Genets are closely related to civets but are often mistakenly called cats because of various superficial similarities in appearance.
Genets are slender cat-like lean carnivores with long ringed tails, large ears, a pointed muzzle and partly retractile claws adapted to climbing and catching prey. They generally have spotted fur, musk glands, and anal sacs.
Genets have a dark stripe along the spine; they differ in size, fur colour and spot pattern. They have large eyes with elliptical pupils with their iris about the colour of the fur. They can move their eyes within their sockets to a limited extent and move their heads to focus on moving objects.
Their ear pinnae have a fine layer of hair inside and outside. They can move the pinnae by about 80° from pointing forward to the side and also from an erect position to pointing downwards. They have a wet nose essential for both sensing smell and touch.
Secretive except when habituated, genets are attracted to human waste and are occasionally seen sneaking around safari lodges and campsites after dark.
Approximately 14 species of genets are identified, all of which vary in appearance and habitat. Some of them inhabit Uganda’s conservation areas.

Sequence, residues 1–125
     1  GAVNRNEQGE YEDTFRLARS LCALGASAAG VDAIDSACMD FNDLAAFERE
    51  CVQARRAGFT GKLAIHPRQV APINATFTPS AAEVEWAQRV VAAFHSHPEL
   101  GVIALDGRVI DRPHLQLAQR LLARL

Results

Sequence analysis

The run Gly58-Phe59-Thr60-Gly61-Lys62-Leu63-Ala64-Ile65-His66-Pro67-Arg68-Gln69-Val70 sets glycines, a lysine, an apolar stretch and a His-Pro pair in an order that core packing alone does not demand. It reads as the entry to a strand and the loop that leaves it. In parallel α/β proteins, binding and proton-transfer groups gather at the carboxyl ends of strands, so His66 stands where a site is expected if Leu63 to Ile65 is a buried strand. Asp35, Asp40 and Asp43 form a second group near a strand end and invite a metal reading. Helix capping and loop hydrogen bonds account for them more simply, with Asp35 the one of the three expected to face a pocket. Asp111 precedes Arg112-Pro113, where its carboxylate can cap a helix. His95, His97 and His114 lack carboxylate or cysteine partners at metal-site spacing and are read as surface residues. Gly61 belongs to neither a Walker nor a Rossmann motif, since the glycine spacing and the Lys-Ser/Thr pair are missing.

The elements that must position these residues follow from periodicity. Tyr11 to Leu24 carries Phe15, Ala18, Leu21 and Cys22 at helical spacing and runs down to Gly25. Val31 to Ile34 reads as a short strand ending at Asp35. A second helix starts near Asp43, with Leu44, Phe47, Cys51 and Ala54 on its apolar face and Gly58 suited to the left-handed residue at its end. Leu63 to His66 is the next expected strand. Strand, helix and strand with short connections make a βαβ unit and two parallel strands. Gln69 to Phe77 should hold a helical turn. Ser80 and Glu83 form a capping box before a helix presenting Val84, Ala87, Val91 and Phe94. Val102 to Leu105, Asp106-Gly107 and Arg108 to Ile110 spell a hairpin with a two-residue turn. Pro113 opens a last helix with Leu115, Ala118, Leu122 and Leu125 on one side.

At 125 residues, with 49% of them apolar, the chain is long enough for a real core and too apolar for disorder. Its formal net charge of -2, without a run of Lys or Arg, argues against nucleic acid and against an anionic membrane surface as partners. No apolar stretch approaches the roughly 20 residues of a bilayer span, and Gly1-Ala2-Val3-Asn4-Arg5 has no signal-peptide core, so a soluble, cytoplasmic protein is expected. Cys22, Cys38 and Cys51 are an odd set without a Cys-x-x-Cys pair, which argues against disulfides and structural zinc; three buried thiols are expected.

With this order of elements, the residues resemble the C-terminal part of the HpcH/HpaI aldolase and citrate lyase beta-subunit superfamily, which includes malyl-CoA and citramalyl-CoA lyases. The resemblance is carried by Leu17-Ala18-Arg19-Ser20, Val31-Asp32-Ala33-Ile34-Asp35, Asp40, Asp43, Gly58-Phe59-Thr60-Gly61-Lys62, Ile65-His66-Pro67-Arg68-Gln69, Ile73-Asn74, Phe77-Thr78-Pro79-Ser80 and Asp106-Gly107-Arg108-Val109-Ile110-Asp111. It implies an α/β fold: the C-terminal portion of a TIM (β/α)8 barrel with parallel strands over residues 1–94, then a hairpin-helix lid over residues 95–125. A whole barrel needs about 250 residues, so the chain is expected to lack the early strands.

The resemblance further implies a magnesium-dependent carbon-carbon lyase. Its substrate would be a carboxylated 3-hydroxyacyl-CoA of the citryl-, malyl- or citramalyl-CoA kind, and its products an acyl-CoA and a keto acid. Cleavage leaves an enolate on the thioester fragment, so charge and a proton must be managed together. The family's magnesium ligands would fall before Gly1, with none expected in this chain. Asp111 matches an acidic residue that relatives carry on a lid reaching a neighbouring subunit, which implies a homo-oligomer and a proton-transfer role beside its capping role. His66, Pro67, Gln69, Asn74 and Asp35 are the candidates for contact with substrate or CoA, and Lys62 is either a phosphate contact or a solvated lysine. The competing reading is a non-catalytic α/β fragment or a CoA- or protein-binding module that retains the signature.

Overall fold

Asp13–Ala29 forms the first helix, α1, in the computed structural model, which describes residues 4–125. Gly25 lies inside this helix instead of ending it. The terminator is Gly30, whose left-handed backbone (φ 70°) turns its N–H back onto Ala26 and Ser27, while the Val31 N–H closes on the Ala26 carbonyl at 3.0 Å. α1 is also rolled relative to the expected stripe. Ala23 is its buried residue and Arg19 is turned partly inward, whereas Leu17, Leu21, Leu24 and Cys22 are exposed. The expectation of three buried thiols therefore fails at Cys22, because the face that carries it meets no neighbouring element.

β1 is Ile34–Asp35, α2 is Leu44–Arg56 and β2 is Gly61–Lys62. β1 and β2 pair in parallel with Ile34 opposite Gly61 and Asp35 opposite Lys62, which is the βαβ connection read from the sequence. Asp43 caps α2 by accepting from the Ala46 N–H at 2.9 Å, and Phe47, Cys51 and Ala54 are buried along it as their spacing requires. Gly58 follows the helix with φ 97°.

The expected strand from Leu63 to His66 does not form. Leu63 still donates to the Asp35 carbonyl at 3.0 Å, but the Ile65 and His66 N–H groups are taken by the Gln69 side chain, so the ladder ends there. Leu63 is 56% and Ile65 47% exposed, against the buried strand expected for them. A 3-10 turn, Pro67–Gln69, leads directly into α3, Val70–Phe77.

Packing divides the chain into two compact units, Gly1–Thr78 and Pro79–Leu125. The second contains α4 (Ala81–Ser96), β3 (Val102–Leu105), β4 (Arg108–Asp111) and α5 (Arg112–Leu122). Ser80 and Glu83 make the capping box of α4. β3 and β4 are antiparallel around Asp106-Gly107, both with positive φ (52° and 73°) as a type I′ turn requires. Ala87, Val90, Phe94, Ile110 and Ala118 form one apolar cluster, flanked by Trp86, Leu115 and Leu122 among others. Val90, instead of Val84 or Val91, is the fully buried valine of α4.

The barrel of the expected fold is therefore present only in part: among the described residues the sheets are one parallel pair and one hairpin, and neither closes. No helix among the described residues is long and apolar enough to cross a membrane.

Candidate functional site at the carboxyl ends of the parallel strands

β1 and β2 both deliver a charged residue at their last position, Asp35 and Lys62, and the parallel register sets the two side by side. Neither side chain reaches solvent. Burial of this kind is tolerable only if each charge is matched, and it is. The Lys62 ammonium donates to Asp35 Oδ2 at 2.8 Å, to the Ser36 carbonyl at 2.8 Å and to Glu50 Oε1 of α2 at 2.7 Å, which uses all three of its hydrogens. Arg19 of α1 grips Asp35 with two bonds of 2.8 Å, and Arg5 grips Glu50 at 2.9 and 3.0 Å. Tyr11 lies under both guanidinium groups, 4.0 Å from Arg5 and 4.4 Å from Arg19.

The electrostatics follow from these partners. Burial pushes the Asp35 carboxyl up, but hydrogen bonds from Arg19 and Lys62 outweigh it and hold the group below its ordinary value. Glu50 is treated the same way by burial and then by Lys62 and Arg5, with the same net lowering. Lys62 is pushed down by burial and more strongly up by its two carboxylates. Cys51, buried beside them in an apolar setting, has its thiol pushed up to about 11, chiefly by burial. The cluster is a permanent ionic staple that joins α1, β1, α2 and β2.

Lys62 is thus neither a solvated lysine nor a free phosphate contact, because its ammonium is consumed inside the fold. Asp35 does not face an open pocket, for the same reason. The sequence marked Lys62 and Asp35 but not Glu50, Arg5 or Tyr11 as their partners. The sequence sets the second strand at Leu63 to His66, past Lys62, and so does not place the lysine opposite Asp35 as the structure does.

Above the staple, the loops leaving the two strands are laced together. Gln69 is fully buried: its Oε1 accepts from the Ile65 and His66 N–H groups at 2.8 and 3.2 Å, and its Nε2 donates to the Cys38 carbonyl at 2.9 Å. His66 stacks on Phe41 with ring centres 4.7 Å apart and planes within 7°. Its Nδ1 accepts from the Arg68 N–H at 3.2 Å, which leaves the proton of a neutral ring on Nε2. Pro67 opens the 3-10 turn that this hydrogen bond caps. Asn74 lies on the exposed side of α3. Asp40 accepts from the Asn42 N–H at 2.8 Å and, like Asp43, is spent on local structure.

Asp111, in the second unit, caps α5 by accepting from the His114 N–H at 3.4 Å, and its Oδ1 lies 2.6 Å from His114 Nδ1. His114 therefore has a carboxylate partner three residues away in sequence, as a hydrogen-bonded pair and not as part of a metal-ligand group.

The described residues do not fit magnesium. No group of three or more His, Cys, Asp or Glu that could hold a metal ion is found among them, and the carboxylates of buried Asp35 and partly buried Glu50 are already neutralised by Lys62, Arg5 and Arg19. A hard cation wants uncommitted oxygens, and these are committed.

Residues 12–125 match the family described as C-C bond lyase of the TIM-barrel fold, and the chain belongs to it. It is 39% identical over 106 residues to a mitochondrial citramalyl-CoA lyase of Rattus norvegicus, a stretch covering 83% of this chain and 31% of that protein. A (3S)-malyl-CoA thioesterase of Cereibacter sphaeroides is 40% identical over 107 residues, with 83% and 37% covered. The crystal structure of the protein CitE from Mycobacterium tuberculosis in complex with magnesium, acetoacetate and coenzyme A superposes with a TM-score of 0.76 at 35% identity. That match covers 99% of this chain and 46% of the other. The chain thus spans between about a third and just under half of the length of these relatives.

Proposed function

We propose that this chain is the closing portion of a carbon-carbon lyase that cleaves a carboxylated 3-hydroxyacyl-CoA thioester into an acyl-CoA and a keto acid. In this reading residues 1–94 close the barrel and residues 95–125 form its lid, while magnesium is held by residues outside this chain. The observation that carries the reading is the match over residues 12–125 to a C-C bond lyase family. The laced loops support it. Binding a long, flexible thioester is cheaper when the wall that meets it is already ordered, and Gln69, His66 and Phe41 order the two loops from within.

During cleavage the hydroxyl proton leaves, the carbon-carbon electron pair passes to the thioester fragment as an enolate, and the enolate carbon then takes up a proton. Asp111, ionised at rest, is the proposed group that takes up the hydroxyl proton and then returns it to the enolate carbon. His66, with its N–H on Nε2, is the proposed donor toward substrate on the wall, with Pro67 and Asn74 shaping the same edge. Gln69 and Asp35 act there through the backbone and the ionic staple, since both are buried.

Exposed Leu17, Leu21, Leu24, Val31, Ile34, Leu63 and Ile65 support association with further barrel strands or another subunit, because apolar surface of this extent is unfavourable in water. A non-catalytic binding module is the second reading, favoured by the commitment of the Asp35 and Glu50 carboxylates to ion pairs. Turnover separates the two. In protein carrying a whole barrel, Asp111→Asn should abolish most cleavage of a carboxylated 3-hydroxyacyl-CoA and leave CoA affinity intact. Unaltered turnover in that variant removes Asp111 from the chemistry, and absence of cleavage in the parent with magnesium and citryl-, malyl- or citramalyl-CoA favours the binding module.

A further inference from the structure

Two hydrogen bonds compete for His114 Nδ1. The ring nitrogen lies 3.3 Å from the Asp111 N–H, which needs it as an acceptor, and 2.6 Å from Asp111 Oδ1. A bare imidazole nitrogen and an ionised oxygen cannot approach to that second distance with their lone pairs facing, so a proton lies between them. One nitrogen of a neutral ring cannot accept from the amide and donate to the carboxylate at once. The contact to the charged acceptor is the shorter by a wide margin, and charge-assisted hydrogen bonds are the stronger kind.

The Servaline Genet (Genetta tigrina), large-spotted genet (Genetta tigrina) and small-spotted genet (Genetta genetta) are all widespread in Uganda, with the latter two generally occurring in more lightly wooded areas than the former, and sometimes observed on night drives in the Semliki Wildlife Reserve.
The giant forest genet (Genetta victiriae), a west African species, has been recorded in Maramagambo Forest in Queen Elizabeth National Park.
The common genet tends to prefer all types of wooded habitats (deciduous and evergreen), where it often associates with rivers and brooks, but it also hangs out in other habitats where there is suitable prey.
The common genet avoids open habitats but may occur even in small fragments of woodland in farmland or near villages and usually is absent from rainforests, dense woodlands and woodland-moist savanna mosaics.
Genets feed mainly on small mammals but will also take birds, other small vertebrates, insects, and fruits. It is not uncommonly found near human buildings, people and their domestic animals, which could have implications for disease transmission.